STEPHENS CITY – The war of words over water between the town and the Frederick County Sanitation Authority continued Tuesday.

The Town Council met in closed session with attorney Thomas “Ty” Lawson during its regular meeting to discuss the status of a legal dispute between Stephens City and the authority regarding the ownership of water in a local quarry. The council took no action on the matter after the closed session but members and town officials issued a statement in response to recent claims made by the authority’s executive director, Eric Lawrence. Town Manager Mike Majher provided local media with Stephens City’s release.

The town calls the authority’s claims unfounded.

“First, the FCSA brought up on (sic) old threat that it may consider cutting off Stephens City from water and sewer,” the town’s release states. “This is a threat which was attempted previously in April 2015. As the FCSA well knows, it cannot act on this threat for fear of violating Virginia Department of Health rules to deprive a town of necessary services.”

The release notes that such action also would cut off water to the Stephens City Fire and Rescue station.

Lawrence said in an earlier interview that he did not specifically threaten to cut off the town’s water supply.

Town officials called it ironic that the authority, which receives free water from Stephens City, would threaten to refuse to deliver a small fraction of that resource back to the town. The authority benefits during this standoff impasse by not paying for the millions of gallons it pulls from Stephens City’s quarries, town officials claim. The authority then makes money when it sells the water to its customers.

“The FCSA’s press release also improperly suggests that Stephens City is not properly using the water/sewer utility revenue for the benefit of the residents of Stephens City,” the town’s release states. “To the contrary, Stephens City continues to maintain and deliver its water and sewer system for the benefit of the residents of the town and, in fact, Stephens City has recently initiated improvements to the sewer lines within the town in order to improve an (inflow and infiltration) problem.”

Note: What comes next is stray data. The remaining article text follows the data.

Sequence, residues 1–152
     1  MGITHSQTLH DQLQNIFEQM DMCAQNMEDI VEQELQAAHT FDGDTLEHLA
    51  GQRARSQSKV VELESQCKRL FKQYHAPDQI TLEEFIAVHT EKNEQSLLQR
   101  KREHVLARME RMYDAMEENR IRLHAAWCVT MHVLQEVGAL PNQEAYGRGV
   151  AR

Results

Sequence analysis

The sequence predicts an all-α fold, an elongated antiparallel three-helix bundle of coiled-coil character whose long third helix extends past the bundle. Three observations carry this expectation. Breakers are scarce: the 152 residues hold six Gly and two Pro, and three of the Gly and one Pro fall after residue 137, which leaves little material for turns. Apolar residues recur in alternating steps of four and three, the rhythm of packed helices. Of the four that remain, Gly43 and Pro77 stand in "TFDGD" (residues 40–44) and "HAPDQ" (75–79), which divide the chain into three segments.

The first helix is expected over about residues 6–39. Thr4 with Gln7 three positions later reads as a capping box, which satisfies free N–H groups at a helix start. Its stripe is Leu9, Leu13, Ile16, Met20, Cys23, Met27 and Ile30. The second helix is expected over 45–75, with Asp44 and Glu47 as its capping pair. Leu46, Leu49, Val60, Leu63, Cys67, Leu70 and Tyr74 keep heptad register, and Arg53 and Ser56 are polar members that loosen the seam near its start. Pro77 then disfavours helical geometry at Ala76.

The town expects to begin repairs to the sewer system in the upcoming week.

“Stephens City is patiently working its way through the court system in order to seek the relief to which it is entitled, which is acknowledgement that the FCSA’s contract to enjoy free water has expired and that the court will order that the FCSA needs to properly compensate Stephens City and its residents for the water which has been taken and continues to be sold by the FCSA to its rate payers for profit,” the town’s release states. “Stephens City looks forward to a final solution of these matters through the court system. Of course, should the FCSA wish to change its strategy of delay and imposing significant litigation costs on not only Stephens City but also the FCSA rate payers, Stephens City looks forward to meaningful settlement discussions with the FCSA.”

Reached by phone Wednesday, Lawrence responded to the town’s latest statements.

“The contract that the town disputes that the judge said was valid … has enabled us to provide water for our community, including providing water to the town for over 25 years and the town’s received it at a significant discount for that time, too,” Lawrence said. “The contract that was entered with the town over 25 years ago provided for the authority (to) take the water in exchange for making the treatment plant investments in providing water to the community.”

Lawrence rejected claims that the authority reaps a financial reward on the water it draws from the town quarry.

“As a nonprofit we’re not making money,” Lawrence said. “We’re covering our cost so I think it’s interesting the town says we’re getting it for free. We’re not. We’re covering all of our costs and giving the town a significant discount in doing so.”

A Frederick County Circuit Court judge scheduled a hearing for July 27 for a motion to compel either side to produce information pertinent to the complaint. The judge recently dismissed four out of five claims against the authority. Town Attorney J. David Griffin said Tuesday after the meeting that the remaining claim – that the authority breached its contract with Stephens City – contains the substance of the lawsuit. Mahjer concurred.